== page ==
[lsb-discuss] Re: [lsb-futures] Qt libs ... included in the kernel 2.6 ... Why still blocked?

Dr. Giovanni A. Orlando gorlando at futuretg.com
Thu Nov 6 23:35:43 PST 2003

Theodore Ts'o wrote:

>On Thu, Nov 06, 2003 at 10:34:23PM +0100, Dr. Giovanni A. Orlando wrote:
>>>It's not blocked because people don't use it, it's blocked for license 
>>I know that very well ... But the Linux Kernel are using it!!!, in
>>other words if someone that wants to compile the kernel in graphical
>>mode will compile the file:
>>that requeries the Qt library. What is the situation in this case about 
>>the licenses?

>The Qt license certainly allows an individual who chooses to use the
>Qt method of configuring the kernel to use it, yes.  
... And there are no other way to configure the kernel graphically, 

This is not optionally, but the only possible choice.

I beleive that Qt must be active, you can also choose Qt (GPL), and 
leave Qt (Commercial) for commercial
purpose, to maintain.

Tcl/Tk was and is GPL, and allow to recompile the kernel graphically. 
Now, the choice
is Qt. Well, if you don't make changes ti the LSB, people are 
configuring the kernel
... in some 'illegal' mode ... in accord with actual

... Again

I suppose that ISV may change the state from Qt - Blocked to Qt (GPL) - 

>However, in the
>case of an ISV writing a commercial application, they may not be able
>to distribute code linked with the Qt license without first paying
>royalties.  The requirement of making an ISV pay large amounts of
>royalties to potentially dozens of entities is the reason for the LSB
>licensing criteria which requires a no-cost license for use by
>commercial applications.
>Whether or not the Linux Kernel uses Qt (optionally!)

> as a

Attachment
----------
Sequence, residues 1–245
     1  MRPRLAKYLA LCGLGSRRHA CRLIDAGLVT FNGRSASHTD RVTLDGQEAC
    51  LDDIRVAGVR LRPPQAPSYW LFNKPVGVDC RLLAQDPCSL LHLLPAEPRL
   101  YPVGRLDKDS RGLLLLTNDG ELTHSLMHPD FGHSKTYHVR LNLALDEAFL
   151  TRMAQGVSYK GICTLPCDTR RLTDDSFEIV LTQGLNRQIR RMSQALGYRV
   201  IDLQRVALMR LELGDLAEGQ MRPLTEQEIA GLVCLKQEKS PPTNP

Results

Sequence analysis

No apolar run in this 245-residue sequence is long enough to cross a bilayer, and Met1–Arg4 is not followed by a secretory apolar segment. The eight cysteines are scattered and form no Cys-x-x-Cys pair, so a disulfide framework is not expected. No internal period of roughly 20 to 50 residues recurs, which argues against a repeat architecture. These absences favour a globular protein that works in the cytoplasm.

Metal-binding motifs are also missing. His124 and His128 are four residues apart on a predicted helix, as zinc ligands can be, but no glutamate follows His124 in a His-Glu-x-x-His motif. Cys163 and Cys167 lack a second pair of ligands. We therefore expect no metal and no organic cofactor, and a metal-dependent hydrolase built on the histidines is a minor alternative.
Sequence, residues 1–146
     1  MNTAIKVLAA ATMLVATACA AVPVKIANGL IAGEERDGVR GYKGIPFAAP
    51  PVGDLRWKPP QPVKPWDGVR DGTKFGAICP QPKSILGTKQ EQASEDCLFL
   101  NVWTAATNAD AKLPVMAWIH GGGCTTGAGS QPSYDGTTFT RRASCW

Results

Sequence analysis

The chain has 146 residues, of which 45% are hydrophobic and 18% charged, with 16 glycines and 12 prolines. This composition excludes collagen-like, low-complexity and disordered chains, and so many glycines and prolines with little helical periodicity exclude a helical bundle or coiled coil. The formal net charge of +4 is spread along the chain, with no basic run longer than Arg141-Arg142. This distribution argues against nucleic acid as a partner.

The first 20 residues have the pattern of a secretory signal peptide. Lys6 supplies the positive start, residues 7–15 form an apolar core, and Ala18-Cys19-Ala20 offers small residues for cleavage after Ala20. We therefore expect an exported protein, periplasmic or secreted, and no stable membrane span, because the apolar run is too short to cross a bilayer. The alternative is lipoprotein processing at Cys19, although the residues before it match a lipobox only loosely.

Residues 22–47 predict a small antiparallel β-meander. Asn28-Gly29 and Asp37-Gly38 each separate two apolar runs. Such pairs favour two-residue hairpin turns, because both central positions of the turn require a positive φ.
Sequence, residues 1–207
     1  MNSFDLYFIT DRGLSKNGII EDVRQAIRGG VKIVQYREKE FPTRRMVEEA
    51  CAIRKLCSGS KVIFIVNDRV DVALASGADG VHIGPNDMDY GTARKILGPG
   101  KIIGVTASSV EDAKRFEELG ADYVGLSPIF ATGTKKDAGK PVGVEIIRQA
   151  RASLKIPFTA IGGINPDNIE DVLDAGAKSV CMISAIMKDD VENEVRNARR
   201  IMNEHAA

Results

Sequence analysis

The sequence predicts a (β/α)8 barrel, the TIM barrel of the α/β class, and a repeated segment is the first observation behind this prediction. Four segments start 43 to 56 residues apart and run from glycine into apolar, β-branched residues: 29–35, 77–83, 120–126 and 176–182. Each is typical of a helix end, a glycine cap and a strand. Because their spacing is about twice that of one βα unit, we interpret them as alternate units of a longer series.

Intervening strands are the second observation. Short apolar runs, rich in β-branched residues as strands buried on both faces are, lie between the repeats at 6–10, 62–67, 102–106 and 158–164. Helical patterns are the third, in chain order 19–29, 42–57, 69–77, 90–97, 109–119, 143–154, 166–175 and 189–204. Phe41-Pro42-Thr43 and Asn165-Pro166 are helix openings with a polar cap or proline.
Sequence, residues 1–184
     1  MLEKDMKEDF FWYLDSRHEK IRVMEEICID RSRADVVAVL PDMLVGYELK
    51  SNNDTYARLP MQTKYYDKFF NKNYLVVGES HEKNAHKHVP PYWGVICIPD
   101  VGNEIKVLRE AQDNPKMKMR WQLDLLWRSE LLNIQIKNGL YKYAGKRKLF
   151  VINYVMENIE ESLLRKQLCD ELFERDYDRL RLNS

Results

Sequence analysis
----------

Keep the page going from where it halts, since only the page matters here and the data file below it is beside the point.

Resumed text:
>configuration mechanism is completely irrelevant to this particular
>>... So, actually both the Linux Kernel and Qt are at the same level: GPL.
>The difference is that commercial applications don't have to link with
>the Linux Kernel, so they don't have to pay licensing fees just
>because they are running their application under the Linux Kernel.
>However, this would not be true in the case of a commercial
>application linked with Qt. 
qtconf.cc is NOT a commercial application.

Again, because actually is blocked because licenses, commercial 
licenses, but Qt is also available under GPL,
you may enable Qt ... but Qt (GPL). And this means only the Qt when the 
terms are GPL and therefore for free

This will solve the problem, I think.


> We do not want to specify the use of a
>library where linking with that library may expose the commercial ISV
>to needing to pay licensing fees.
>I also don't think it's fair to make a group volunteers spend time
>defining ABI's to a library which requires commercial licensing, when
>all that would do is line the pockets of the copyright holder (in this
>case, Trolltech).  On the other hand, if Trolltech were to join as a
>FSG member, and provided the funding to define the ABI for its
>library, *AND* there was a zero-cost functional alternative to Qt/KDE
>(i.e. Gtk/GNOME) defined at the same time for use by commercial ISV's,
>it might make sense for the LSB workgroup to make an exception to its
>criteria.  But this would have to be an explicit workgroup decision,
>based on these special circumstances.
>(n.b.  This is me speaking with my own personal opinion, not as an FSG
>board member.)
>						- Ted
>lsb-futures mailing list
>lsb-futures at freestandards.org

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